“We will NEVER do that again!” Seasoned and newbie Las Vegas visitors alike make mistakes before and during their travels simply because of their humanity. The English poet Alexander Pope coined the phrase “To err is human … to forgive is divine.” Planning and executing an enjoyable Las Vegas getaway is truly a learned art and individual visitor accounting for their own real or perceived mistakes varies widely due to personal tastes, dislikes, budgets, and Las Vegas visiting experience. However, there are some common mistakes that many Las Vegas hikers have made (including this author). Here are ten common mistakes.
1. Underestimating the scale and size of the hotel: casinos on the strip:
I once turned the corner of Tropicana Avenue and Las Vegas Boulevard in front of the MGM Grand on foot with my partner. This was our initial trip to Las Vegas and we were in awe of the kitschy visual spectacle that the city is partially famous for. As we walked north in front of MGM, I spotted Caesar’s Palace, which seemed to be on the not-too-distant architectural horizon. You’re wrong, Bubba! As we approached Caesar’s, I was fully prepared to pay someone to throw me into Las Vegas Boulevard traffic. The inherent sheer size of the monstrous concrete monoliths we refer to as a casino (hotels can get us wrong) prone to judging walking distances. On each and every subsequent trip to Sin City, car rental has been a regular occurrence due to this experience.
2. Staying in game places too long :
Staying longer at a single table game or slot / video poker machines in an attempt to recoup losses is common and reckless. It is almost always wiser and cheaper to get up and do something else.
3. Poor or inadequate overall trip planning :
This mistake can add significant costs to the budget of a Las Vegas trip for those who find cost important. That said, it’s also nice to leave some time slots for spontaneous, unplanned activities (see next post).
Four. Excessive travel planning to Las Vegas:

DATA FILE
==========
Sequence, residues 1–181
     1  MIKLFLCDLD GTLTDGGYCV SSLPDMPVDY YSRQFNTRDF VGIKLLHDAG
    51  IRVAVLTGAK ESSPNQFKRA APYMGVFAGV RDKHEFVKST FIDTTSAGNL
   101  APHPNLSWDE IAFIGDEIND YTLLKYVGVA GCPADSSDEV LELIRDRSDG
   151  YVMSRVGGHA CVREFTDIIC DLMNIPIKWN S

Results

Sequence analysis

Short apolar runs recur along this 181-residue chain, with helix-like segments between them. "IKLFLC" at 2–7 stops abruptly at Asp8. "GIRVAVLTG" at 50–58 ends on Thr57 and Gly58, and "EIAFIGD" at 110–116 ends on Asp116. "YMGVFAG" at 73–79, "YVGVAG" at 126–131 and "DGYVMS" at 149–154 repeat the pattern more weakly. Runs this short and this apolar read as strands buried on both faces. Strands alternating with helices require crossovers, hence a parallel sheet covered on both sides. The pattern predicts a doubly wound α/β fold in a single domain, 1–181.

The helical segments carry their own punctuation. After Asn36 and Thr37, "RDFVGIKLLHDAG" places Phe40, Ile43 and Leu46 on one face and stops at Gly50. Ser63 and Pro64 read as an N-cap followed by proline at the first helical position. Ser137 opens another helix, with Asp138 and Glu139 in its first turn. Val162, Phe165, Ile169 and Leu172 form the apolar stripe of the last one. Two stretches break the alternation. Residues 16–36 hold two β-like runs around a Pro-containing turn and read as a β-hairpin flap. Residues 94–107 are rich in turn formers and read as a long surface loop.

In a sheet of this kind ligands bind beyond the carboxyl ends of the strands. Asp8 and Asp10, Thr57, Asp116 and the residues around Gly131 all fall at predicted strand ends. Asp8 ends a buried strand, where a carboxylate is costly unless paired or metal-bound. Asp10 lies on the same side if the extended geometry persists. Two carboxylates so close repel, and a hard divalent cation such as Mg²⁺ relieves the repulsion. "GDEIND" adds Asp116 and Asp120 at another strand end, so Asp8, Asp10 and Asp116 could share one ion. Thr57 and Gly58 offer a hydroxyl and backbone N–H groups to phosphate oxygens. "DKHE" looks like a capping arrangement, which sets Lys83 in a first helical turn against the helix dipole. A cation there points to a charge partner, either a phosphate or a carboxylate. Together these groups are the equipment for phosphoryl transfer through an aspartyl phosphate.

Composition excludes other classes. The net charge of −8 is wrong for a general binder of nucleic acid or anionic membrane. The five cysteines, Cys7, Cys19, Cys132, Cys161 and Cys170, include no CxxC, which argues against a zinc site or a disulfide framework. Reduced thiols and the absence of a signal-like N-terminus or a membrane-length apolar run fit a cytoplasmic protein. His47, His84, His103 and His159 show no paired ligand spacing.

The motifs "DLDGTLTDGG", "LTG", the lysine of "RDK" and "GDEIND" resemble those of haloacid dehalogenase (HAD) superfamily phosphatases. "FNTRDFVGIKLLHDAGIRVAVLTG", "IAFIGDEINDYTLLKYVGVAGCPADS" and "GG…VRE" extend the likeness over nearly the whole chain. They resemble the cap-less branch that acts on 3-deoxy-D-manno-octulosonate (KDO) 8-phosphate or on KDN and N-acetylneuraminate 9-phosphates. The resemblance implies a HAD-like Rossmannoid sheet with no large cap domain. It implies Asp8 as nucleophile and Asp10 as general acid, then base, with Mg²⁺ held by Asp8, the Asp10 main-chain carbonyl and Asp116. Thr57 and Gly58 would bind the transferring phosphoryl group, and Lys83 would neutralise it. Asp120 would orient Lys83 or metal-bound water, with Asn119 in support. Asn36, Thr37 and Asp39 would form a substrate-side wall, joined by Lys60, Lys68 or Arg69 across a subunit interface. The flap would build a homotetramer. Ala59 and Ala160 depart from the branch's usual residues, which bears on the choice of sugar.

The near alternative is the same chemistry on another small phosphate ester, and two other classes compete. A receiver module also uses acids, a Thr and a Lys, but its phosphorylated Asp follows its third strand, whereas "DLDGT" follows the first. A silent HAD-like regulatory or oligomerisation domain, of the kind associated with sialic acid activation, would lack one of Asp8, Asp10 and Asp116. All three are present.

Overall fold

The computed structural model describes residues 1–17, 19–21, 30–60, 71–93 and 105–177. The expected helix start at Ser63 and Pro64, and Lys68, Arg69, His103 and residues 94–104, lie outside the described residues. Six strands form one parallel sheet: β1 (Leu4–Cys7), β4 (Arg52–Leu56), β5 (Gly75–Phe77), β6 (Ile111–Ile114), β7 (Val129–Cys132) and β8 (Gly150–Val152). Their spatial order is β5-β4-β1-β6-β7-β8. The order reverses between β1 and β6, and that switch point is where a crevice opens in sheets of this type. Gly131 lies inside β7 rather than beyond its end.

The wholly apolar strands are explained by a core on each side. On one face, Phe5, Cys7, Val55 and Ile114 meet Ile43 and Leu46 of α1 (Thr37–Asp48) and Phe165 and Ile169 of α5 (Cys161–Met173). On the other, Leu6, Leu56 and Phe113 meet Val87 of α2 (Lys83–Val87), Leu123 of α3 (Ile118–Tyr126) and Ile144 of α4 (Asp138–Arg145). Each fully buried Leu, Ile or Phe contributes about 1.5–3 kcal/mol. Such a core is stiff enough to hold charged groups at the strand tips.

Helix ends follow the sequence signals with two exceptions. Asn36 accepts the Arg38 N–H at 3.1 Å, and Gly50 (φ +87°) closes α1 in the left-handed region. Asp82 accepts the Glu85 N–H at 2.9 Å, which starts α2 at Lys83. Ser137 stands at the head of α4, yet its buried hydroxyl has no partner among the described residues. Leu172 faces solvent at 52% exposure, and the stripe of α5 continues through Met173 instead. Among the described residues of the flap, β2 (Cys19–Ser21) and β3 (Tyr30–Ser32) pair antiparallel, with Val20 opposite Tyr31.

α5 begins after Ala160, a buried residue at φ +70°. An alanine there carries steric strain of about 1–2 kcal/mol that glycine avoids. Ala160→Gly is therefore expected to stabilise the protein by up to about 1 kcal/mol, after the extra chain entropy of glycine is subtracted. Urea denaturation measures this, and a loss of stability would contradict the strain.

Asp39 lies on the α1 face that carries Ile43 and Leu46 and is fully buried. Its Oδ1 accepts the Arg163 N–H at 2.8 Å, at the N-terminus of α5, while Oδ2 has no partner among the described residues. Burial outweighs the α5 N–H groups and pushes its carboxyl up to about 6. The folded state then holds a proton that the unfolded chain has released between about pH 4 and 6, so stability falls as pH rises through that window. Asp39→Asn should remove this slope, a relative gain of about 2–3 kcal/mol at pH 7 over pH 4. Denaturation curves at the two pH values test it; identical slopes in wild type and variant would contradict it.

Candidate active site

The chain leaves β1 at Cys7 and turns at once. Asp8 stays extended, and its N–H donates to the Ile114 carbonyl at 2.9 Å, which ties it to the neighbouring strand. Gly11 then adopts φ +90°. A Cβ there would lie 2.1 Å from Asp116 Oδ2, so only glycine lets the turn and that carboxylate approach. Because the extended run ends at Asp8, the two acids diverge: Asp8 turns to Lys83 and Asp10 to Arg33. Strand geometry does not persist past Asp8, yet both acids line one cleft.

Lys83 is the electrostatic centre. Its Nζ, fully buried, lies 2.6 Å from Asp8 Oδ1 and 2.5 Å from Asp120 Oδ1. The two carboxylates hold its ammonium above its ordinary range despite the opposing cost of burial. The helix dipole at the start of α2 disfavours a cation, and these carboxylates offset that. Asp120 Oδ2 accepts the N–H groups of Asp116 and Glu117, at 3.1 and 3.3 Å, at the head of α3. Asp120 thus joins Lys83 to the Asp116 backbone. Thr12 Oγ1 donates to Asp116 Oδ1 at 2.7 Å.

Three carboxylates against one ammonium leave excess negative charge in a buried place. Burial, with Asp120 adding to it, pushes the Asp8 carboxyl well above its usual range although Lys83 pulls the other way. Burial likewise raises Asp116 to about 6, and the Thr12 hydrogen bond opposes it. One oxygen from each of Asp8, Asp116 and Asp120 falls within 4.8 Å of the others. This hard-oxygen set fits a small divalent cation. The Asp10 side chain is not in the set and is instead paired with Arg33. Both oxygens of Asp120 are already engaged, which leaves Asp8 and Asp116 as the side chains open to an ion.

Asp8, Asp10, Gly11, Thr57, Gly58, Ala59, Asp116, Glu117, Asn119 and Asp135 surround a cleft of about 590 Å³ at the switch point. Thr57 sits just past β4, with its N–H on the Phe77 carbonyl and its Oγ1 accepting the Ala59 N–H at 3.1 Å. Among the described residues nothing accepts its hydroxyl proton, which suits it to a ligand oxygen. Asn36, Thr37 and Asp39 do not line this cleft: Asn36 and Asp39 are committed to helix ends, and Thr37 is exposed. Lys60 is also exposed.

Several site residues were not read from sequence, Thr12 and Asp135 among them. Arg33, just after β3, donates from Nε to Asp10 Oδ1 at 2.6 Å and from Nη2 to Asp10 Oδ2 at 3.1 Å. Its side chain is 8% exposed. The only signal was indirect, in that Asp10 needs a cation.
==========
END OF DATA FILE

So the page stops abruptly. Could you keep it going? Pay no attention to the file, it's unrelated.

Visitors who plan down to the last detail and minute can exhaust themselves and their entire travel group in a condition of extreme fatigue … or anarchy.
5. Failure to sign up for players club and / or casino website email memberships:
This is a massive no-brainer if any gambling is anticipated, particularly in light of the current economic environment in Las Vegas.
6. Betting on casino games that have an unbeatable house edge:
Keno comes to mind, even though this can upset a large collection of sweet grandmas.
7. Poor driving clothing:
That unique Vegas adrenaline rush can be a detrimental factor when driving. Driving like your hair is on fire to get to the next exciting event can be dangerous. On occasions this author has committed this crime.
8. Do not bring comfortable walking shoes:
Simply navigating within a single casino on foot can feel like a Trail of Tears at times. Have you ever wandered around MGM Grand or Mandalay Bay in uncomfortable shoes?
9. Do not use valet parking services when loading luggage:
This is particularly true for places that have parking garages that are one county away from hotel check-in counters. It’s a hike in some of these (eg MGM Grand) even without luggage. Consider valet services at any time to carry luggage from one place to another, such as on arrival and departure days or during hotel changes within the trip. The minimal costs (visitors can still choose to maneuver their own bags) are generally worth avoiding a marathon walk on concrete.
10. Not using alternative access routes to strip hotels when driving:
Driving on Las Vegas Boulevard in heavy traffic conditions can be prohibitively time consuming. There are some well-known alternative driving routes that can save you a lot of time and frustration. There are some avenues that are roughly parallel to Las Vegas Boulevard on the east (Koval Lane and Audrie Street) and west (Frank Sinatra Drive and Dean Martin / Industrial Road) sides that allow access to strip properties from behind.